Will France lift ban on British beef?
French agriculture minister Jean Glavany indicated that France is not sure whether it will lift its ban on British beef, despite the ruling of the European Court of Justice. He cited a report of the EU's Food and Veterinary Office that casts doubts on the efficiency of BSE testing in the UK, and said his government's decision would be solely based on the principal of precaution.
Mr Glavany said that France took note of the ruling by the European Court of Justice, but that the protection of French consumers was the only thing that mattered. He justified France's attitude by referring to the conclusion of the Veterinary Office report, which states the following: "Most of the relevant legislation whose transposition and implementation should have been checked during this mission was neither transposed nor implemented on the spot. As active surveillance is practically not performed, it has to be assumed that the BSE incidence for GB has to be seen with a considerable degree of uncertainty."
France wants Britain to test all cattle older than 30 months, in order to get a more accurate picture of the BSE situation. At the moment, only animals destined for food production have to be tested, although the UK also tests random samples of other cattle.
On 27 March 1996, the European Commission ordered a worldwide ban on British beef, after the discovery of BSE. The ban was lifted after three years, in August 1999, but France decided to maintain it - thereby breaking European law. France said its own national Food Safety Agency was not convinced about the safety of British beef.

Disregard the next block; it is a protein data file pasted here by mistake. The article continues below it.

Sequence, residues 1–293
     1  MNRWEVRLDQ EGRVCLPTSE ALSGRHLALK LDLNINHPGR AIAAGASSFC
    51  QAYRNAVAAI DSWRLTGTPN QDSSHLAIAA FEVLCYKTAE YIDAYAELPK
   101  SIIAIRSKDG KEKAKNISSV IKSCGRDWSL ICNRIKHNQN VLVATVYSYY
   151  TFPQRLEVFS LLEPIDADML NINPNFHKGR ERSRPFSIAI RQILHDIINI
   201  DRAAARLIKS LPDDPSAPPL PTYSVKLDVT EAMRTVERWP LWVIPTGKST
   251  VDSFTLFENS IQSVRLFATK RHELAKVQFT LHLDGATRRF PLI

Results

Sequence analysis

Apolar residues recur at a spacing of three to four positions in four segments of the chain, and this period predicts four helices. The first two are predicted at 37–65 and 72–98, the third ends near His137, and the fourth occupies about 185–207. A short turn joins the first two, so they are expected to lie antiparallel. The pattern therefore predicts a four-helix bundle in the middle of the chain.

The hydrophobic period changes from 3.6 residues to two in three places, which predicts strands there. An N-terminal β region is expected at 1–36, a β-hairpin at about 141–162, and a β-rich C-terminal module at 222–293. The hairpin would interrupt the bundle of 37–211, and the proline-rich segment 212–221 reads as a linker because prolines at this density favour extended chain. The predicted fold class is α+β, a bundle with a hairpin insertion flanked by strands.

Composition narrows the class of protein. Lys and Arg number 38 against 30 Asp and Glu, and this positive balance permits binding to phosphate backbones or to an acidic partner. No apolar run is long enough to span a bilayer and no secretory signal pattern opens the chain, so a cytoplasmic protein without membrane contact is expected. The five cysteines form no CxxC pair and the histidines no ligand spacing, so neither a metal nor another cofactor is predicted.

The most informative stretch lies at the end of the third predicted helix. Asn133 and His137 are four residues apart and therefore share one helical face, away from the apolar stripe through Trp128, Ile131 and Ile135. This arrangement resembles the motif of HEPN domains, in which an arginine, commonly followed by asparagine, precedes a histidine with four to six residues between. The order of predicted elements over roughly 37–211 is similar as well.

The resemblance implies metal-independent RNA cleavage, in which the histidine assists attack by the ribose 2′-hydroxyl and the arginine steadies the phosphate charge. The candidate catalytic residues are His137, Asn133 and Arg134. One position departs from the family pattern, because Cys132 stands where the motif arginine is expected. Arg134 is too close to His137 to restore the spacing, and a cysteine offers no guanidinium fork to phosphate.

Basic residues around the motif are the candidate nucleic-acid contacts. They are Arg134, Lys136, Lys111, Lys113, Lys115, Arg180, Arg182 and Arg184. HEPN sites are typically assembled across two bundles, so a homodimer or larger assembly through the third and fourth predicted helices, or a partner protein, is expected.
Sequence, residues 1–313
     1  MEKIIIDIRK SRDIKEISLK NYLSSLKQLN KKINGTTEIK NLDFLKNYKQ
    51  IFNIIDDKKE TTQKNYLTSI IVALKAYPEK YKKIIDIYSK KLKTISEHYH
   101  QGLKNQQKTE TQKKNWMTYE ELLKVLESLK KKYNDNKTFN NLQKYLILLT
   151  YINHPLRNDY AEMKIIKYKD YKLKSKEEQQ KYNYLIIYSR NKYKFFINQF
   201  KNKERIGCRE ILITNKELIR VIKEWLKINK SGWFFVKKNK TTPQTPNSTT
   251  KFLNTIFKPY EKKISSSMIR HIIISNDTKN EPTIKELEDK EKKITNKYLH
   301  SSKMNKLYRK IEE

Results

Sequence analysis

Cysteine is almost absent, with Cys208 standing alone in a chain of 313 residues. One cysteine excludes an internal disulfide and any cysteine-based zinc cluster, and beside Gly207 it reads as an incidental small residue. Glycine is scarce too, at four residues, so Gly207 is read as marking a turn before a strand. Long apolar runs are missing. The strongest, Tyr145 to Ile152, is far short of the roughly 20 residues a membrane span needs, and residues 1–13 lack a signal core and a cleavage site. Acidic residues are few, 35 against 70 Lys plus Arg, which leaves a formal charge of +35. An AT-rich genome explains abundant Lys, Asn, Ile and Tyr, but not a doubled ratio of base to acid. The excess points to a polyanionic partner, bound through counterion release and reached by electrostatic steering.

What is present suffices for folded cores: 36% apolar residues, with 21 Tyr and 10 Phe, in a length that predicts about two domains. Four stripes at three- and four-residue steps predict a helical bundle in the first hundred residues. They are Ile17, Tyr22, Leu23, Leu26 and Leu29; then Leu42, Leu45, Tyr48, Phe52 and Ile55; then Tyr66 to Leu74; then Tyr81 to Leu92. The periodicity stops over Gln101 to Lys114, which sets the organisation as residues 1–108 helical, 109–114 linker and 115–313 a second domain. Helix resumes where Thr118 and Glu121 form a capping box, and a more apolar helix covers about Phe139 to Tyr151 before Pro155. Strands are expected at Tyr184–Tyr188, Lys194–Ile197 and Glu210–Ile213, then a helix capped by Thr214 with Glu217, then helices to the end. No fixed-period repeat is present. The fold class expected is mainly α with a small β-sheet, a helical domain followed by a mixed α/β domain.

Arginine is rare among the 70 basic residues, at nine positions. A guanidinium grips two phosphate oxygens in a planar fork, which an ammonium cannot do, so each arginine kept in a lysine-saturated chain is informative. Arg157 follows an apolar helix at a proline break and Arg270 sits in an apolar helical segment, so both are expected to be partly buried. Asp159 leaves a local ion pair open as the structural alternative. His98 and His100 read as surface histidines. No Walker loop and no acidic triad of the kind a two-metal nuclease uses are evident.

The ban turned into major trade row, with some UK officials advocating blockades against French goods.
On 13 December 2001, the European Court of Justice condemned France's refusal to lift the ban on direct imports of British beef. The Court nevertheless acknowledged that "certain difficulties in applying Community decisions were the result of unclear legislation" and stressed the importance of a reliable tracing system. Moreover, the Court recognised that the European Union did not have a reliable tracing system in place for beef when it allowed some British exports to resume in August 1999.
The leader of the UK's National Farmers' Union, Ben Gill, said France's unilateral ban led to heavy losses for British farmers and demanded "punitive fines" if it failed to end the ban.
The spokesman of the Agriculture Secretary, Margaret Beckett, said the Court's judgement was clear: "The judgment went against France. France should obey the law."